We went through some questions about how Alicia talked. They started with the basics – what were my concerns – and then got into the nitty-gritty: did she know the names of people in the family, could she follow two-part directions, could she tell a story? She even asked about very specific grammar and syntax issues: did Alicia use pronouns? Did she seem to understand the difference between past and present tense?
Then it was time for some one-on-one: Erin sat down with Alicia in a separate space, and they played with a bag of toys, carefully selected to encourage her to say a wide variety of sounds. Alicia had enough time to warm up to Erin that she got comfortable (and even chatty), talking about all sorts of things while Erin jotted notes about errors she was hearing.
The official result was that Alicia’s language usage was right on par, but her articulations needed some work, likely as a result of her open bite, which allows her tongue to slip forward in her mouth. Would it go away on its own? Possibly, but if it didn’t, Alicia would have two or more years' worth of bad habits to break. We went home with our first assignment: practice “s” and “f” sounds for about five minutes a day, and see Erin again in two weeks. Fortunately, with a little encouragement in the form of a bottle of bubble fluid, Alicia was happy to practice. It didn’t take long for her to get the gist of what we were trying to do, and while she couldn’t always make the sounds correctly on the first try, she got to be able to do the correct version several times in a row after being prompted.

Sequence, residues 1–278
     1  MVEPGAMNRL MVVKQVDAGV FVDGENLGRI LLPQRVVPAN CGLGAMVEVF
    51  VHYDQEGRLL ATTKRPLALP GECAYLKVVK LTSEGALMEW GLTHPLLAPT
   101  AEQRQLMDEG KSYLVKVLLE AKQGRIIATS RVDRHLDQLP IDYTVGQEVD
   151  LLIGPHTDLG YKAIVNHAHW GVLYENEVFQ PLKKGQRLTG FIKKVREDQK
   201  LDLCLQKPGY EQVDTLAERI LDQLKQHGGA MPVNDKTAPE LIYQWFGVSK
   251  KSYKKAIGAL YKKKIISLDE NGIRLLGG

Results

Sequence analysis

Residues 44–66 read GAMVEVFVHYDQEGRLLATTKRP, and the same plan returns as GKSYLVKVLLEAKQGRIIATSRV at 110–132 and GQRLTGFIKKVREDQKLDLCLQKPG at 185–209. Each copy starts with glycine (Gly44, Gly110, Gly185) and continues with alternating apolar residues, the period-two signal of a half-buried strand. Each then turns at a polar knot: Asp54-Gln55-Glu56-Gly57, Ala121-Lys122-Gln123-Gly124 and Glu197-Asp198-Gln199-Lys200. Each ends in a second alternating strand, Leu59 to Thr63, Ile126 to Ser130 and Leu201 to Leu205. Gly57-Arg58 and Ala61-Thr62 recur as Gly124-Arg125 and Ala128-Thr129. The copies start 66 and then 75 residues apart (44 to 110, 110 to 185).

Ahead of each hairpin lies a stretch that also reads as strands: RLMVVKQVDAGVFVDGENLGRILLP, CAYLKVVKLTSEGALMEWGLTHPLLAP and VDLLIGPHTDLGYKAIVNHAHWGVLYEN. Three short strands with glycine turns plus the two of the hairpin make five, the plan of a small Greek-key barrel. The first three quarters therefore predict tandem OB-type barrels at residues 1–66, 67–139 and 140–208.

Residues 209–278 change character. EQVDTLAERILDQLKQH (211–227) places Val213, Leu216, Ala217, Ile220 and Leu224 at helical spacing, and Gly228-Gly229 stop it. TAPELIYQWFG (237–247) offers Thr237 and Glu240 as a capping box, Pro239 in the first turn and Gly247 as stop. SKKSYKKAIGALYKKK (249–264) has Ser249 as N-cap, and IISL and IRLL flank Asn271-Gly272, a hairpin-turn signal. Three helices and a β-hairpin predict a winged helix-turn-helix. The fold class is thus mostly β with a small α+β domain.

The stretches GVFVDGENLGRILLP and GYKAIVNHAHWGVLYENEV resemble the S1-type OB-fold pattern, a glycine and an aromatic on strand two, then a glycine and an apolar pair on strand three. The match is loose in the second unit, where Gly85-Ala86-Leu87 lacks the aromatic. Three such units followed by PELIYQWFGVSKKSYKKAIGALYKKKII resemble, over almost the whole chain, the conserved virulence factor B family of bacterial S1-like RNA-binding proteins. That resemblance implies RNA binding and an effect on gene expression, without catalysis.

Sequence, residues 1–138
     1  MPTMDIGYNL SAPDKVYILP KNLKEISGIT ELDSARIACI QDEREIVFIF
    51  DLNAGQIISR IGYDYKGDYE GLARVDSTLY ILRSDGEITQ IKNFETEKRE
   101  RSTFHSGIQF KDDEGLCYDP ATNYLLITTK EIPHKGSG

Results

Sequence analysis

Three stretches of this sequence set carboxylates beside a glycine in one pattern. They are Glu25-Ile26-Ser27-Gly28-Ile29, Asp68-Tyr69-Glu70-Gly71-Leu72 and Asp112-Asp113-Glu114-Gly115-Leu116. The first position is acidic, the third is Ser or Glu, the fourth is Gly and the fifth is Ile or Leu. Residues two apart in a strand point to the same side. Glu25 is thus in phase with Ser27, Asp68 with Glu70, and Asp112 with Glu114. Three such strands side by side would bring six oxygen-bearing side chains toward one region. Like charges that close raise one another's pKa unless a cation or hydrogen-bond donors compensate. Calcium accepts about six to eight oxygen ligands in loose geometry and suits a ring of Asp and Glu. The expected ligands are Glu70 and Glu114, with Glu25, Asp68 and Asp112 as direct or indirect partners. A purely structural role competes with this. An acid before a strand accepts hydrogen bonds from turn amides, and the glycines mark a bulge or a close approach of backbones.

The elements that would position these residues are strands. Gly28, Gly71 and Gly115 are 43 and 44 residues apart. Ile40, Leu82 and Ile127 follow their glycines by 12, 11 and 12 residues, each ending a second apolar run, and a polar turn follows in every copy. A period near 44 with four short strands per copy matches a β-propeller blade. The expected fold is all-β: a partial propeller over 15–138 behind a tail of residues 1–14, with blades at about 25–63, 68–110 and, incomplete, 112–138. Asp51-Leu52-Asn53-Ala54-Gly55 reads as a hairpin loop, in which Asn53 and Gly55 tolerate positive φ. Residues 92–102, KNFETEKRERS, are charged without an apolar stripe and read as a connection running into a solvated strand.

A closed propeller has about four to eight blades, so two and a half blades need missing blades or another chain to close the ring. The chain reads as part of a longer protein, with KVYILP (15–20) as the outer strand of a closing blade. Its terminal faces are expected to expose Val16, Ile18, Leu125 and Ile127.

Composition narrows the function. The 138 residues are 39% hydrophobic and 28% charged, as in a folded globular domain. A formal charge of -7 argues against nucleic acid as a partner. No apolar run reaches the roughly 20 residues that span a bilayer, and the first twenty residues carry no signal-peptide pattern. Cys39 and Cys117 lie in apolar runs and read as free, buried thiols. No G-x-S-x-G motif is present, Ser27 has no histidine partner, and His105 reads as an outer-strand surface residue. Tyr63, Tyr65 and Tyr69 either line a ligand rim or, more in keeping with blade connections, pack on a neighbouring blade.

Her first longer appointment with Erin was fascinating to watch. Many speech language pathologists use games, both as a reward for practicing a sound (“Say ‘s’ again and then you can take your turn!”) and to encourage the social aspects of language (like taking turns and making eye contact while speaking.) Erin had noticed how hands-on and high-energy Alicia was, so she brought games that involved lots of action – pick this up, put that here, push this button. And in between each action, they practiced a sound.
At that first appointment, Alicia had improved enough to start adding vowels to her initial sounds. Two weeks later, she started practicing single-syllable worlds beginning with “s.” The progress is slow, but steady, and while she gets bored and frustrated with the practice sometimes, I am already noticing a difference in the clarity of her speech.